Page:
I need to start off with a rather exciting announcement. This past week, I found the third food item that my son refuses to eat. That’s right. There’s a third.
Up until now, the only two foods he refused to eat were lettuce and hard pretzels. If you gave him either of these things, he would take it, lick it lightly with the tip of his tongue, and hand it back to you. It’s sort of adorable and mostly gross.
Roll the drums because we discovered that number three is… Red Lobster’s Lobster Pizza appetizer. Look, lick, return. Between you, me, and the fish sticks, I can’t say I blame him. Although the sight of his refusal was pretty shocking for us at the table. Big day. Mark it down.
This is notable because my son has put nearly everything in his mouth. If you have kids, you feel the pain. This isn’t just specific to autism parents. If you’ve ever dug through a toy box and found a Nerf Football with a bite taken out of it – you get it.
It’s the soggy corner of a decorative throw pillow, the edge of his iPad, or my cheek when I think he’s just going to give me a peck. My son has made it a point to give it the tip of the tongue test. It’s been a long-running thing. His chin has been known to be quite slippery.
I think back to when Lucas was about five and I took him to the local schoolyard with a box of sidewalk chalk. I was drawing on the asphalt as he went clapping by at top speed. He slowed him down and he came to sit beside me.
Chalk. Do you want to try? Look. Chalk.
The sidewalk chalk was comically large in his tiny hand. He didn’t break his stare from me as I wrapped his fingers around it.
I moved the chalk, clutched in his hand, around on the ground. It made little lines and circles. He looked at it and looked back at me with his sweet little face.
Yeah. You do it. You draw. Go for it.
I let go of his hand. He smiled huge.
And, in an instant, he shoved the entire piece of chalk into his mouth.
I freaked out and reached in to retrieve it before it fell down his throat. When I finally fished it out and saved his life… he had the nerve to be mad at me. I’m talking whines and mean looks. This kid kills me.
Like many children, he outgrew most of the “no mouth!” phase. He only puts items he believes to be edible in his mouth today. Yes. I believe you caught my meaning. The key phrase there is “he believes to be.”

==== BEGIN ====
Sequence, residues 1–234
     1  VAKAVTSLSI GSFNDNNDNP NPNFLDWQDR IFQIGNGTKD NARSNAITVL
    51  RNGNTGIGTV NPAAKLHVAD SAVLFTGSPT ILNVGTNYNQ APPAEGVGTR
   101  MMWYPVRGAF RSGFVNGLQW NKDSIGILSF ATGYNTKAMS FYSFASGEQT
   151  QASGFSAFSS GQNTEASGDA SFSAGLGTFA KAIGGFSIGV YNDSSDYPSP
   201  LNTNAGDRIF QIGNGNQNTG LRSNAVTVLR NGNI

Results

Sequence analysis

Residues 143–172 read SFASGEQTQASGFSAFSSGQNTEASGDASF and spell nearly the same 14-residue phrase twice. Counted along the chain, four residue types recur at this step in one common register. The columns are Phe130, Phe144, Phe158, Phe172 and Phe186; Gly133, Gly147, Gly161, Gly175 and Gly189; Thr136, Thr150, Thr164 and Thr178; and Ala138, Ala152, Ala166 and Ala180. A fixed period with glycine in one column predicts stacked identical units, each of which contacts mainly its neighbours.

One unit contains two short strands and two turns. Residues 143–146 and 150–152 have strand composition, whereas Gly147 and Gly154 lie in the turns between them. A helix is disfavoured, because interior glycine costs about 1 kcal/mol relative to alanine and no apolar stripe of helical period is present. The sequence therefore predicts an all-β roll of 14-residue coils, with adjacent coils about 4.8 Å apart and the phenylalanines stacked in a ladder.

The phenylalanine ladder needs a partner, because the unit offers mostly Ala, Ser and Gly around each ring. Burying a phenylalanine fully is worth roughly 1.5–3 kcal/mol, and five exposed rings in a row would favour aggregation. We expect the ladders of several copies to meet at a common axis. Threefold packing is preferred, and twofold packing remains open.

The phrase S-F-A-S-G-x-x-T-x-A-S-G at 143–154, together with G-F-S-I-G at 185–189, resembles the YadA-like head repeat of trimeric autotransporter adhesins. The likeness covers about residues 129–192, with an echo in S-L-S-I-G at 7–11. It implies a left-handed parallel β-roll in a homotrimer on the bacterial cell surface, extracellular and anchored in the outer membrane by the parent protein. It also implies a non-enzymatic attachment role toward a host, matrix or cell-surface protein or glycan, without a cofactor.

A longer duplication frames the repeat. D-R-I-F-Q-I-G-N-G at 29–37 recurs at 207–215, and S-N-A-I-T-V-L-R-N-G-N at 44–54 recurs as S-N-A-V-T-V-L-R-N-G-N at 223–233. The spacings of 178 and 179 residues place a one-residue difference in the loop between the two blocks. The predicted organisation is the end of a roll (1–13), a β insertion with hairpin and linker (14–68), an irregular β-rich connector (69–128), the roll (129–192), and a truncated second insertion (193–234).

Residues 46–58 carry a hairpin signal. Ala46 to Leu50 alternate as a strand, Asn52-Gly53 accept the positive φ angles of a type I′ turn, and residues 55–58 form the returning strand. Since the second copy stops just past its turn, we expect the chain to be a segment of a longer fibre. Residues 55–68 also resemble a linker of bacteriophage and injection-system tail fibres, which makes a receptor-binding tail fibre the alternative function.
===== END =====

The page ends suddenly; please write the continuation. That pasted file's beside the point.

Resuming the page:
From the dog-treat incident to discarded Starbucks cups, Lucas has always scoped the foodies like a big game hunter. Sometimes it’s disregarded snacks. Sometimes it’s someone else’s food. The only real limitation is the size of your pantry.
From sushi to Skittles, my kid loves it all. A few years ago, my daughter and I made each other “mystery” smoothies from food in the freezer and recorded ourselves drinking them. Some were horrendous. One tasted like the inside of a hat.
Lucas finished them all for us. Drank ’em down like water. Says a lot about that lobster pizza, huh?
He’s an iron gut titan with a discerning palate. Do you want to know his favorite treat? It’s not Pirate Booty. It’s not Cheese-Itz. It’s not even pizza.
It’s Baklava. The Greek Honey Pastry? Yes, the Greek Honey Pastry.
The ones he likes come individually wrapped and you can find them on the twisting checkout line at TJ Maxx. Whenever I buy it, I always give him the old, “You see how much I love you?” Who does school snack shopping at TJ Maxx? This kid owes me.
Of course, he has faked me out too. I finally gave away the microwavable Chicken Lasagna that he insisted I buy at Target. It’s one of the dangers of saying, “Go ahead. You pick.”
Honestly, it’s always adorable when I let him pick something out at the store. That day, he walked up and down the aisle, looking at the items before finally grabbing this frozen box of lasagna. It was a single serve size and fit into his hands. It had no picture, and I was 100% sure he didn’t know what it was. I tried to talk him out of it, but he got upset if I took it out of the cart. So, we bought it.
Once home, he proceeded to push it away anytime I put it in front of him as a dinner choice. To this day, I have no idea if he was punking me or not. Then again, that was the day he also made me buy these weird vegetable garden Ritz crackers that no one ate. I think he gets a sales commission from Target.
Whether your kid is on the spectrum or off, encourage what they love, allow them to make choices, and take notice of their favorite things. If they can tell you what they like, ask. If they can’t tell you, observe. Either way, kids are the same all over. They want to take a bite out of life. That Nerf ball proves it.
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